Specialty Crops and the IR-4 Project

Disclaimer: The IR-4 Project supports research for all specialty crop growers, including organic and conventional. While the IR-4 Project hosts the Biopesticides and Organic Support Program, not all research is focused on organic production. Furthermore, not all biopesticides are approved for use in organic production.

According to the USDA, crops grown on less than 300,000 acres are considered specialty crops. These include fruits and vegetables, tree nuts, dried fruits, ornamental nursery crops (including floriculture) and most other horticultural crops. In contrast to field crops, which are extensively cultivated, specialty crops are intensively cultivated. Many growers in New Jersey produce specialty crops. (Considering land values in our state, and grower access to direct markets, this is economically a wise decision.)

Headquartered at Rutgers, the IR-4 Project (Interregional Research Project Number 4) operates as a partnership between the land-grant university system and the USDA and supports research on pest management tools for specialty crop growers. Primarily funded through the USDA, IR-4 started at Rutgers University in 1963. There are four regional centers: Western, located at University of California at Davis; Southern, at University of Florida at Gainesville; North Central at Michigan State University at East Lansing; and North East, at Cornell University at Geneva.  

One part of IR-4 is the Biopesticides and Organic Support Program, initiated in 1982. This program provides grants for biopesticide research and offers assistance during the EPA registration process. Biopesticides include such materials as plant extracts and microorganisms. Many biopesticide manufacturers are small companies and benefit greatly from IR-4 assistance. Since the program’s inception, more than 100 biopesticides have been registered.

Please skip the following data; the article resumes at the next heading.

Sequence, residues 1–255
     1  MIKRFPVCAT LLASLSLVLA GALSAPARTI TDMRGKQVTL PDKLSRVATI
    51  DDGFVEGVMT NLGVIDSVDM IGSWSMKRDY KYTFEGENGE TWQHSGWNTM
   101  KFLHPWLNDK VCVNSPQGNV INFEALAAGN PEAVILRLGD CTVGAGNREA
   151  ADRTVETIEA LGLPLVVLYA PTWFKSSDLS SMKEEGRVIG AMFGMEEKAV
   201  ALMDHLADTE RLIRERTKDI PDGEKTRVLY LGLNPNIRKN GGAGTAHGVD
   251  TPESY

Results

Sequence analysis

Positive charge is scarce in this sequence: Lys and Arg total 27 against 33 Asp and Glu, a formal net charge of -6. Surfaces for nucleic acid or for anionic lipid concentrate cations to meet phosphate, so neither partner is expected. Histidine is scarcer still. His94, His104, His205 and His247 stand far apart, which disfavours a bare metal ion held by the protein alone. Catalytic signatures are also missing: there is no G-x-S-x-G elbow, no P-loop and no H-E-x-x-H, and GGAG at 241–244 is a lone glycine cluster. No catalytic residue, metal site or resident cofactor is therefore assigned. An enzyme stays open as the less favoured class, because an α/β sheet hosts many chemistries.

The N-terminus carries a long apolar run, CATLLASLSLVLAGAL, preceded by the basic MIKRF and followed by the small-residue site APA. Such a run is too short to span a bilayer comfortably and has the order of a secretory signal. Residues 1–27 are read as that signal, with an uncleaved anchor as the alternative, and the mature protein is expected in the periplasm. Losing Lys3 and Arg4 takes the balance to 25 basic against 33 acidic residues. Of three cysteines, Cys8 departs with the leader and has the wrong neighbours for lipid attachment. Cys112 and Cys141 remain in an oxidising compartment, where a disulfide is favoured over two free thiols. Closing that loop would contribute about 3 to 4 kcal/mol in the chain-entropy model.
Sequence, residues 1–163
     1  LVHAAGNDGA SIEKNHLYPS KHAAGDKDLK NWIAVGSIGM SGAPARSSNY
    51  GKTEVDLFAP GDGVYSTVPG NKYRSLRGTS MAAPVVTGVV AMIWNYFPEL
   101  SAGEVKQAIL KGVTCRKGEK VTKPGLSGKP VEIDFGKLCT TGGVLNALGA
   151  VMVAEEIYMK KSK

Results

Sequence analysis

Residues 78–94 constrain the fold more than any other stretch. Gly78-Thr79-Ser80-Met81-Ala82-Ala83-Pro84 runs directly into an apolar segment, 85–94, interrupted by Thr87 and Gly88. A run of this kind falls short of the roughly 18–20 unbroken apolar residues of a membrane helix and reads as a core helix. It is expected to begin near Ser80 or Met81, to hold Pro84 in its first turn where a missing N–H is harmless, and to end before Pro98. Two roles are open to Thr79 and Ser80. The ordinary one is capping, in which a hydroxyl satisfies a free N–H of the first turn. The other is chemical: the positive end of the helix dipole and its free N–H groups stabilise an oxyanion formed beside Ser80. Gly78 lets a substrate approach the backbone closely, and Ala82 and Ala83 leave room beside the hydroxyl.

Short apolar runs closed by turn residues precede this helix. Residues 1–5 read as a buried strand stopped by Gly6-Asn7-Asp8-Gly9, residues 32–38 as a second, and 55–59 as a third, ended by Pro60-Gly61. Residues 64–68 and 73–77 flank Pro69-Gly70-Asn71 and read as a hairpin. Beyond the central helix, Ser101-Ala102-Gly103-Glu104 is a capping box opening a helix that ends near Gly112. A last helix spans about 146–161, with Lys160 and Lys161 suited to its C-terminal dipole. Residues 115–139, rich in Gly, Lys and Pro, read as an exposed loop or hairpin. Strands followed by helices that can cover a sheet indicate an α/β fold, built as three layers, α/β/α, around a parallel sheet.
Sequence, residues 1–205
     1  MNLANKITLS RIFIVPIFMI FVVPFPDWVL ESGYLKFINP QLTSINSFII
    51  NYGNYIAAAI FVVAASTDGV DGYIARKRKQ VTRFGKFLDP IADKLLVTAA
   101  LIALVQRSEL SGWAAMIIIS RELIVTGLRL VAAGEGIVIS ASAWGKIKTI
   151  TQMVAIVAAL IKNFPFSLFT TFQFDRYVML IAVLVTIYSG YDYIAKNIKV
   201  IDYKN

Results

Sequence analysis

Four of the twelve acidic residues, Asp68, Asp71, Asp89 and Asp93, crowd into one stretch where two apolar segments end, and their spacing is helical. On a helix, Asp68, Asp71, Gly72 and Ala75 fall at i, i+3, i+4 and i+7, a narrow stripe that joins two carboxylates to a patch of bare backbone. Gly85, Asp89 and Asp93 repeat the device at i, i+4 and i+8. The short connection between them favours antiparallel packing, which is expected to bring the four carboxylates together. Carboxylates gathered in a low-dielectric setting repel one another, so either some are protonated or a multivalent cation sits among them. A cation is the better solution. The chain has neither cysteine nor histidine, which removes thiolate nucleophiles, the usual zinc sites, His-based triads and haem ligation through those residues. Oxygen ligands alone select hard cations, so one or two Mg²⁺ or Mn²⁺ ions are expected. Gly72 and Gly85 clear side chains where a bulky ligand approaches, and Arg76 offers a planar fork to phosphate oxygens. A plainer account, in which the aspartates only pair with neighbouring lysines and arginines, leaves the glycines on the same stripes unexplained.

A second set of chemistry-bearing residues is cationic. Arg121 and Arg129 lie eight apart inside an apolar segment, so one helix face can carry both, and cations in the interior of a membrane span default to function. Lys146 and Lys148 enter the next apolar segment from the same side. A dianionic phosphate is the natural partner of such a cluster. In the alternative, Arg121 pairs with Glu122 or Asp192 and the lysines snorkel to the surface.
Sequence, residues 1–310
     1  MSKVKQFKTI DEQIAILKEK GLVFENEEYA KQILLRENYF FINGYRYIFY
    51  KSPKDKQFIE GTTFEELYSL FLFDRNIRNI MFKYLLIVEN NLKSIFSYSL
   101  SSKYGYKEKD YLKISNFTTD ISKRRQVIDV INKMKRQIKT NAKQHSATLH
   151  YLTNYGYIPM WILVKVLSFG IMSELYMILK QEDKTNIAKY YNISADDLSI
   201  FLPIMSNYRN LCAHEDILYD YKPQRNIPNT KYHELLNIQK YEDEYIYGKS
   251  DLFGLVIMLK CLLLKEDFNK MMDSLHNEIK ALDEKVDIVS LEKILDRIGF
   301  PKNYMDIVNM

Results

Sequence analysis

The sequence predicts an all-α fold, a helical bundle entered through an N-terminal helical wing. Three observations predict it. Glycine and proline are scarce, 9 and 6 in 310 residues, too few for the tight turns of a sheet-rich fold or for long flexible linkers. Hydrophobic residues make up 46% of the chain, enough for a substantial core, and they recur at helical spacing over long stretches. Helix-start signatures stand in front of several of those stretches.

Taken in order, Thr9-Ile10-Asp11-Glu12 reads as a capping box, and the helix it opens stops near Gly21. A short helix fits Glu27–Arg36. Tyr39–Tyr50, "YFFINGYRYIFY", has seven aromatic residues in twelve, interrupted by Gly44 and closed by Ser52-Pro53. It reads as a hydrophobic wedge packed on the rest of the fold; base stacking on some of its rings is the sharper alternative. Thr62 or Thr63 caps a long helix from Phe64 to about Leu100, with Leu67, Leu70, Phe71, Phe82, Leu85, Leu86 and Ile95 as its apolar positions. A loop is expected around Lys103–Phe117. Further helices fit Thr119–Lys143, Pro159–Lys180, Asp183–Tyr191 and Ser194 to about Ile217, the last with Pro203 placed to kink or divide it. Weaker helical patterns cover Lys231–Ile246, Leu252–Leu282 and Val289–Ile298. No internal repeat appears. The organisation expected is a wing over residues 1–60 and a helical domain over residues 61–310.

Additionally, IR-4 provides funds for biopesticide and organic materials research in specialty crop production. Rutgers NJAES research projects with IR-4 Biopesticides and Organic Support Grant Program funding include

  • Control of basil downy mildew, Andy Wyenandt.
  • Control of peach diseases rusty spot and brown rot, Norm Lalancette.
  • Control of brown marmorated stink bug in peaches, George Hamilton and Anne Nielsen.

On the Biopesticides and Organic Support Program webpage are searchable databases. The Project Database lists previously funded research projects, such as those listed above. The Label Database lists biopesticides and organic materials and is searchable by crop, pest problem, and state, with the option to limit responses to organic products. 


  1. Rutgers
  2. Executive Dean of Agriculture and Natural Resources
  3. School of Environmental and Biological Sciences